Typically, many Tarot decks on the market today only come with a small booklet providing a brief description or interpretation of each card, and offering the Celtic Cross layout and perhaps two or three simple spreads. Even if you purchase a deck that comes with an accompanying book, there seems little guidance on how to begin, and soon most people give up and relegate their decks to the back of their dresser drawer or a seldom visited shelf.
So if you’re one of those people who has a deck stashed away, or you’ve always been drawn to learn the Tarot, here are some great guidelines to get you started.
Selecting the Right Deck
There are many Tarot decks available on the market today, offering an endless selection. Many metaphysical stores will have a number of decks open for display, allowing you to sort through the individual images and get a feel for the card’s energies.
The are three basic criteria for selecting your deck; its visual properties, its energy qualities, and personal identification, or the level of connection you feel with the deck.
You’ll want to opt for a deck that you are drawn to visually, noting the characteristics of the images and the visuals they portray. For beginners, I recommend the Hanson Roberts or Robin Woods decks. They are smaller than most decks and easier to handle. If you are able to shuffle through a sample deck, you’ll be able to get a sense of the energy they emit. You may also be drawn to a “theme” deck, so trust your instincts and pick a deck you can identify with.
Purifying and Storing Your Deck
Once you get your Tarot deck home (or pull it out of that drawer), it’s important to cleanse and purify the deck before using it. There are a number of ways to purify the deck, and one of the easiest methods is with a sage smudge stick or incense. Open the deck and fan it out across your table or workspace. Then light the stick and let the smoke waft over the cards. Then turn the cards over and repeat. A second method of purification is to rub the deck with a silk or cotton cloth. If you choose to protect your cards by wrapping them in a silk cloth, you can use this cloth to purify them after each use.
The Tarot cards are a magnet for energy, so it’s very important that they are stored properly when not in use. Wrapping them in a silk or wool cloth or scarf is a great way to insulate them, or you can find a box or container with a lid to house them in.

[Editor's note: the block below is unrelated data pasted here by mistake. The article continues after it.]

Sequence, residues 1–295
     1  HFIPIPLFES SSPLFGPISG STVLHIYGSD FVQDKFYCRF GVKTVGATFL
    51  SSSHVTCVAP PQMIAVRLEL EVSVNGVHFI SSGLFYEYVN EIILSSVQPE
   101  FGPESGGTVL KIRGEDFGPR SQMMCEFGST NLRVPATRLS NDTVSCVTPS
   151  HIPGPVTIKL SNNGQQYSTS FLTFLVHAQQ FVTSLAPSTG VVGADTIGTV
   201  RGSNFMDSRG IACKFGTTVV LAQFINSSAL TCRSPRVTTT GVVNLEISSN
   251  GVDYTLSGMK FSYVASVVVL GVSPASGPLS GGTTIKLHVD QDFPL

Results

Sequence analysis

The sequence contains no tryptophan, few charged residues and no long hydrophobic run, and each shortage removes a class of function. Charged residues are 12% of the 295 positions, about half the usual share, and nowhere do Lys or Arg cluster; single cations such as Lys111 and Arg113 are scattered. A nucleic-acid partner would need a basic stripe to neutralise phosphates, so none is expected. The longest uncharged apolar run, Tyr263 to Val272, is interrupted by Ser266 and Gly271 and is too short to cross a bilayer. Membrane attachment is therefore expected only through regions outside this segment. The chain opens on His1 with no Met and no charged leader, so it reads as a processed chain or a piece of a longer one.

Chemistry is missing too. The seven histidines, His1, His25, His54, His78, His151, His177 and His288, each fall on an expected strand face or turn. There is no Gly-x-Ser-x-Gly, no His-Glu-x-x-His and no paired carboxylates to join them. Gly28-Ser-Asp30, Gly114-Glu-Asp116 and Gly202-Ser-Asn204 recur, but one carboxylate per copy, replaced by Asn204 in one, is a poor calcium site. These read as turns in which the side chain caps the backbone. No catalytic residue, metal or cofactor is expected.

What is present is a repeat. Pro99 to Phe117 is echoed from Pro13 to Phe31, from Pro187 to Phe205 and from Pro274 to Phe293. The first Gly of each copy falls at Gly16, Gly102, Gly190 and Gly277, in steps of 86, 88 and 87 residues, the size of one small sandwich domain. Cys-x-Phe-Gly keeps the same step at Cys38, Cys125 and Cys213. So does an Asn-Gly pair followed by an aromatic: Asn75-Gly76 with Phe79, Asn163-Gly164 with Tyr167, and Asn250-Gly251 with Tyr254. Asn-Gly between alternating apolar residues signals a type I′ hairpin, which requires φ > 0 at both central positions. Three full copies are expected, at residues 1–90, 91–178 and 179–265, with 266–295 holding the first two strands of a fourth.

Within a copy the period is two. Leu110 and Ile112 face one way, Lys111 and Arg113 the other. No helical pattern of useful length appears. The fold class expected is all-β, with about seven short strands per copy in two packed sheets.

Preparing Your Space
Make sure you practice your reading sessions in a quiet and calm place, with no distractions. Use a flat surface with plenty of room to lay the cards out on. Light some candles or incense and clear your head with some deep breathing or a brief meditation. Then say a simple prayer that you be guided to receive the answers you are seeking, from the highest source possible.
Formulating Your Question
The way you phrase your question is one of the most important aspects in reading the Tarot. For example, if you ask, “Am I going to get some money”, you are leaving the time frame and method that money will come to you wide open. Be as specific as possible with your questions. For example, “Will the money I am waiting for arrive this week?” Or, “I need $300 before next Friday, will I get it and how will I get it?”
Shuffling the Cards
There is no right or wrong way to shuffle the cards. You can pick a method that is comfortable to you, whether it involves traditional shuffling, cutting the cards repeatedly, or fanning them out on the table and shuffling them in a circular manner. As you shuffle, concentrate on your question and then trust your instincts to indicate when they have been shuffled long enough.
Laying Out the Cards
You can lay the cards out on the table either face up or face down. For beginners it may be easier to pull the cards and lay them out face down, turning them over as you read each one. Then when you become more proficient, you may find that laying them out face up will give you a better overall picture of the reading. Either way is acceptable, so go with your instincts, or try both ways to see which one works best for you.
Reading the Cards
Pay close attention to the images of the cards while you are reading, as well as the number of major and minor arcana that appear in a spread. The more major arcana cards you have, the more prominent the messages a reading will contain.
The minor suits of the Tarot, the Rods, Cups, Swords and Pentacles, all correspond to different aspects of life, and different seasons:
Rods – Spiritual or Business Ventures/Spring
Cups – Emotions/Summer
Swords – Thoughts, Ideas and Communication/Autumn
Pentacles – Money, Objects, The Physical World/Winter
Using these guidelines will help you determine more clearly, what dimensions of a situation or question the cards are addressing.
Once you feel more confident with your readings, it’s a great idea to ask friends or relatives to let you read for them, to take your skills to the next level.
Susyn Blair-Hunt, MsD has been a professional metaphysical consultant for over 25 years and holds a Doctorate in Metaphysics, along with certification by The American Association of Professional Psychics and the American Tarot Association. This article contains excerpts from her book, “Tarot Prediction and Divination”, your complete guide for reading the Tarot. To contact Susyn and learn more about her private readings, daily horoscopes, books, radio show and other psychic services, visit her at SusynBlairHunt.com.